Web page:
‘… not the biggest problem concerning human integration into our society. What really holds these people back is their inability to cooperate with us. The human governing body was designed primarily to encourage humans to work with virn. However, humans have always had a different idea. Today, Virn Empire News can exclusively announce that it has discovered the human government’s real intentions!’
Maureen sighed and got up off the bench to pour herself a glass of something strong. What possible “real intentions” of a poor minority within society could be so dramatically damning?
‘A government which is really controlled by the corrupt Liaison, Maureen Bradshaw!’
It was good that Maureen had not taken a glass out of the cupboard before her name was mentioned. Glasses were hard to come by in Valhalla, and she hated drinking out of plastic cups. She would have had one glass fewer if she had made it to the cupboard any faster.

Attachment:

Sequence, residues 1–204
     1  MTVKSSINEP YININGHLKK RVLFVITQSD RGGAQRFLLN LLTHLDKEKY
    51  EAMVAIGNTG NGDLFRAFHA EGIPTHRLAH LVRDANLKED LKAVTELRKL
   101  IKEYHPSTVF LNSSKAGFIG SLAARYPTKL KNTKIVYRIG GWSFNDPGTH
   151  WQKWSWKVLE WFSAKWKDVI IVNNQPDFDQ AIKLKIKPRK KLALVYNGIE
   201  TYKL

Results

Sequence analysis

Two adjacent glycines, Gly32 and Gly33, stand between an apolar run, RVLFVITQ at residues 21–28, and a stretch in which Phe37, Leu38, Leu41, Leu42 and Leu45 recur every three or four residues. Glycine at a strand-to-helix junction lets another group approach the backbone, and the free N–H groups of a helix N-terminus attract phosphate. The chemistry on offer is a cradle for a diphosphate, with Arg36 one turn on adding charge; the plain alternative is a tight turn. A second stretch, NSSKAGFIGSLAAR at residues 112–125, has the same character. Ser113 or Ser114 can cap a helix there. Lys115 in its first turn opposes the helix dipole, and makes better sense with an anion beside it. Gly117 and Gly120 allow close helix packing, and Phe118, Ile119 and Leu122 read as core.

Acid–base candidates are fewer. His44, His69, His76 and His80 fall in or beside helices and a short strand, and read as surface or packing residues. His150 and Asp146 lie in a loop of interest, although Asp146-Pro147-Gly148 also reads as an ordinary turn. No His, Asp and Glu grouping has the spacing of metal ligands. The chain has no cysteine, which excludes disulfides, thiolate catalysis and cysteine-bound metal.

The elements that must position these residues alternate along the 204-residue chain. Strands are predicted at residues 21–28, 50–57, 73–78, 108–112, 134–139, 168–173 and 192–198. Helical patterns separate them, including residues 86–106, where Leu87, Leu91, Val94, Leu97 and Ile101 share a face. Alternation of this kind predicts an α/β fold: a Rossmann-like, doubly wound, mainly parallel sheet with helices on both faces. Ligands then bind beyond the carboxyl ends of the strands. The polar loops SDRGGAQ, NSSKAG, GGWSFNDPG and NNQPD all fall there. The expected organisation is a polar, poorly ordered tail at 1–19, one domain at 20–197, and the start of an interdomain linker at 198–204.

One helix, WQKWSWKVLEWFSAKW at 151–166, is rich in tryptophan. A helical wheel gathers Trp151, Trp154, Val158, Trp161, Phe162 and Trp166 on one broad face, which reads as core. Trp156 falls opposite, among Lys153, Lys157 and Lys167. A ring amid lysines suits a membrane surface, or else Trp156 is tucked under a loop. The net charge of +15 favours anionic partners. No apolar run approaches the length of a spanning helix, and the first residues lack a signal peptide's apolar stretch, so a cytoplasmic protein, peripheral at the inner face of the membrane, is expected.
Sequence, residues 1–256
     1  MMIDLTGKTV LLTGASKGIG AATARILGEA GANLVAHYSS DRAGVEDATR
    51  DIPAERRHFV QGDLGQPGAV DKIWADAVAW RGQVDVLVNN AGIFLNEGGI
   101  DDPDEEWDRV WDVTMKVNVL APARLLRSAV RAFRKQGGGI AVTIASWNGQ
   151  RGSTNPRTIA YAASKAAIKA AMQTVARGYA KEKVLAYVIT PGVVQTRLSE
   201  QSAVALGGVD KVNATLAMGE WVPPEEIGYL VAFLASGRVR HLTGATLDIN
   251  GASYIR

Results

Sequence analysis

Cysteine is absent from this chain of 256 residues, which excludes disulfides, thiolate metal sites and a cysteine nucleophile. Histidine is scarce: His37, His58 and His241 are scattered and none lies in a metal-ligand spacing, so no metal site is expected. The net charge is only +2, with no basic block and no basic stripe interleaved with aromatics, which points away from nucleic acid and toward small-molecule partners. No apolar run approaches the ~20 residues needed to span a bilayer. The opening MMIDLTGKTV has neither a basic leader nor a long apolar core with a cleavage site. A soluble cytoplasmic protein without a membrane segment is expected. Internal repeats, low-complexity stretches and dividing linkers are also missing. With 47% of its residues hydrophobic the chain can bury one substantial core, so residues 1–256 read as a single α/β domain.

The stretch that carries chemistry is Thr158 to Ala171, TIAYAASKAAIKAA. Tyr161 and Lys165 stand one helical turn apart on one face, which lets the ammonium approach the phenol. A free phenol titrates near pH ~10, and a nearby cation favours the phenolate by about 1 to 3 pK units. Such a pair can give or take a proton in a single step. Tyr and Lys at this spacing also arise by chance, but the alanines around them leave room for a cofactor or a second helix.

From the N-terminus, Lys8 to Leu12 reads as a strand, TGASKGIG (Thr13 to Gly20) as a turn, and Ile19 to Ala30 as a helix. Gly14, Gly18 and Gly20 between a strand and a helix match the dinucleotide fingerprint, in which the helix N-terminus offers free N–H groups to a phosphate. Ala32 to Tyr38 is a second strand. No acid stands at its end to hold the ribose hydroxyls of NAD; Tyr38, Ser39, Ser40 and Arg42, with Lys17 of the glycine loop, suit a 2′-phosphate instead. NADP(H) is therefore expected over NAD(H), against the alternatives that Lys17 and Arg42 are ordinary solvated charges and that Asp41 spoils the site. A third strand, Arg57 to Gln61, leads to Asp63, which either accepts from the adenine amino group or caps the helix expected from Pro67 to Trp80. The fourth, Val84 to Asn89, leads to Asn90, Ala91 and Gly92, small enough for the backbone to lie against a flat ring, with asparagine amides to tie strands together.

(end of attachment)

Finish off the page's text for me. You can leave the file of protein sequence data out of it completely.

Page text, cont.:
Her own face was on the screen. The photograph was, as she expected, less than flattering. It looked as though a sneaky journalist may have snapped it when she had been halfway through a bite of something spicy. She felt her surprise transform into rage as the newsreader continued.
‘Maureen Bradshaw is not the first human to adopt the informal title of Liaison. Neither is she the first who wishes to destroy the virn system of rights and laws and replace it with systems that favour humans. And she is certainly not the first who has tried to force our government to cave in to her outrageous demands.’